Monday, 19 December 2011

Four ways to kill narrative drive


If you took all the books that were ever written and laid them end-to-end you'd have a very long line of books – the point being that with so much to read if you're lucky enough to have a reader take a look you don't want to give them any excuse to put your book down and move onto the next – but if you insist, here's four ways to do it.

Withhold information

A sure-fire way to maintain reader interest is to not tell them stuff, right? That way they'll keep reading just to find out, right? No. Utterly, utterly wrong. Giving the reader a question she wants to know the answer to is not the same as withholding the interesting stuff until the end. If you don't put the interesting stuff at the start then, well, the reader just isn't going to be interested enough to keep reading. It's obvious really.

The key is to give the reader interesting stuff right from the start with the promise of more interesting stuff and then keep delivering interesting stuff right to the end. Nobody said this was going to be easy.

Nothing Happens

The power of your voice, the detail of your description, the depth of your characters, all mean nothing if nothing ever happens. Your voice will quickly become droning, your descriptions pointless and your characters irrelevant and uninteresting if not tested by events. 'What happens next' is the simplest mechanism for narrative propulsion – don't be afraid to use it.

Uninteresting Protagonist

So your MC is a humourless plank? Or a spotless do-gooder? Or a bore? Or two-dimensional mouthpiece for your own Freudian hang-ups? I don't want to read about that sort of chump and neither do you. So don't write them.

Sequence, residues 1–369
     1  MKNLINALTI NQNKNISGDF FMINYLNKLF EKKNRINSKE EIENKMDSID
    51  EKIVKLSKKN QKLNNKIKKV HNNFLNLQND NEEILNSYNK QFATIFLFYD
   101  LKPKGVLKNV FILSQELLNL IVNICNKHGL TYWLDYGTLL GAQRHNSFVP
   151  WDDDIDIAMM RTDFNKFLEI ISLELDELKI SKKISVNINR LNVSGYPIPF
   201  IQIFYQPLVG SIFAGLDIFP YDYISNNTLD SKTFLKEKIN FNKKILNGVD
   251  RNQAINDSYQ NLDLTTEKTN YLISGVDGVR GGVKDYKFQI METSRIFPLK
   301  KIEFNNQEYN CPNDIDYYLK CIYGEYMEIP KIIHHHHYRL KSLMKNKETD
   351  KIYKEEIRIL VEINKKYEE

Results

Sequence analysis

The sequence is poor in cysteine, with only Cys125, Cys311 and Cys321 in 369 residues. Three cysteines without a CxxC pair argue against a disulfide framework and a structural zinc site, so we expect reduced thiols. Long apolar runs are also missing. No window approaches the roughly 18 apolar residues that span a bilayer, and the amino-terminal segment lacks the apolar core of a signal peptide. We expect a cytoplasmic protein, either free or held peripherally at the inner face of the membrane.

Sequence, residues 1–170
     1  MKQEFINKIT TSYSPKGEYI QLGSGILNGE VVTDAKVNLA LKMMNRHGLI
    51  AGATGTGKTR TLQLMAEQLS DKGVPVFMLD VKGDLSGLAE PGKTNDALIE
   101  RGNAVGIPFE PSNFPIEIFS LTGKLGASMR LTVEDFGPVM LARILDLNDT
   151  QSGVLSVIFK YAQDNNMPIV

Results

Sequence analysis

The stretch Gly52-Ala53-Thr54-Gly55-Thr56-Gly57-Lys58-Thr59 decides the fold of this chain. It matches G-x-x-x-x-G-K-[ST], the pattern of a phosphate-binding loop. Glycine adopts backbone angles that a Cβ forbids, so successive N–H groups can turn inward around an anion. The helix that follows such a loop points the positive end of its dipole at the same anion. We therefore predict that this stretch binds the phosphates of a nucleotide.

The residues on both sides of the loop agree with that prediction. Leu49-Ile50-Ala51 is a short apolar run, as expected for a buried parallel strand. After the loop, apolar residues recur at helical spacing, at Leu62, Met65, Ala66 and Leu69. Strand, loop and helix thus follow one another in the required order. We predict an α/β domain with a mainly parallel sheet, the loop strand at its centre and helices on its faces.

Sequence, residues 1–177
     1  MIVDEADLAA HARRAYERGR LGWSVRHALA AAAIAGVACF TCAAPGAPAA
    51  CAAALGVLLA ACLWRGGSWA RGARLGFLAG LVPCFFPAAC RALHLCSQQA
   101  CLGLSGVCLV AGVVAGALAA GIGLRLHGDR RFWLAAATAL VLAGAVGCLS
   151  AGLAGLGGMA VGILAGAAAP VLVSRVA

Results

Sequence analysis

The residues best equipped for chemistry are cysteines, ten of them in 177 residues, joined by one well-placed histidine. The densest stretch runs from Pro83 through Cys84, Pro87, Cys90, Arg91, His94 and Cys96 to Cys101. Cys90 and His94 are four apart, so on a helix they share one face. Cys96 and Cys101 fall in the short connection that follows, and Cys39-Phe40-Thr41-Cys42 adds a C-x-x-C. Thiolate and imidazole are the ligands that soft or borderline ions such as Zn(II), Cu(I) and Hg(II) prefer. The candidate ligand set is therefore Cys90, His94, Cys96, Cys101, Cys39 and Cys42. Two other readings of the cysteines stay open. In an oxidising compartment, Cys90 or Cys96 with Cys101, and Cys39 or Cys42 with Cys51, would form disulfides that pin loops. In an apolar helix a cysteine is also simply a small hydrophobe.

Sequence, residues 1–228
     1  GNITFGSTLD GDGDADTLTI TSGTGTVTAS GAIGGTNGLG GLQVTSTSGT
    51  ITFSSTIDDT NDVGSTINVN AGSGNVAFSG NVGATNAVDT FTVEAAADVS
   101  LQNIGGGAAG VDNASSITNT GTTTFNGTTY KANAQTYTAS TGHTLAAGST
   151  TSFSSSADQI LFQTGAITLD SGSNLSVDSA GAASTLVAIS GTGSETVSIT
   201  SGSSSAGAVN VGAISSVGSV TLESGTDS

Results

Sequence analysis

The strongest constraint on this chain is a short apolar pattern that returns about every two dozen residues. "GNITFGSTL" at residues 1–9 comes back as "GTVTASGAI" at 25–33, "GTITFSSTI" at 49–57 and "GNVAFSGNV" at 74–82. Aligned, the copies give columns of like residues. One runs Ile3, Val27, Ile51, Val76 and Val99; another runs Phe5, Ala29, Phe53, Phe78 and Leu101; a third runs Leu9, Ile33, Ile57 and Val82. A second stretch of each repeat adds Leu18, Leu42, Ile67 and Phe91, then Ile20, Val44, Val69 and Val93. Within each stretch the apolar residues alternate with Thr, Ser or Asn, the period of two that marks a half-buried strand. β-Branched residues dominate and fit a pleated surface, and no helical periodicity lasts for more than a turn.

Predictability

Your scenes should be the natural consequence of previous scenes, and your ending should be inevitable but not predictable. If the reader has your plot figured by page 2 they are less inclined to read on to find out what they know already.

This doesn't mean you can't play with the form – many great stories start with the ending already known (which can have a propulsive effect of it's own), but unpredictability must remain - why and how did this known ending happen? How is this story going to get to that point. Inevitable but unpredictable.

Ok, so that's how not to do it - here's how to actually do it

Good luck.

7 comments:

  1. Great points! My favorite is the first one--on withholding information. The key is to keep giving the readers new questions, not dangling the same one over a span of a few hundred pages. Really great distinction.

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  2. @Ava - glad you enjoyed and approve. Thanks for taking the time to read and comment.

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  3. Another great post, James. Good issues to be reminded of.
    Thanks, Hemmie.

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  4. @Hemmie - no, thank YOU, you soon-to-be-published author you...

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  5. These are good tips. It helps to be reminded.
    Paula

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  6. My favorite tip is definitely the one about the protagonist. I can't stand noodly, brooding protagonists who don't seem to know what they want. Get in the game, protagonist!

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  7. @Paula - thanks, Paula - glad you liked them. Thanks for taking time to comment.

    @Daniel - exactly. Thanks for posting, Daniel.

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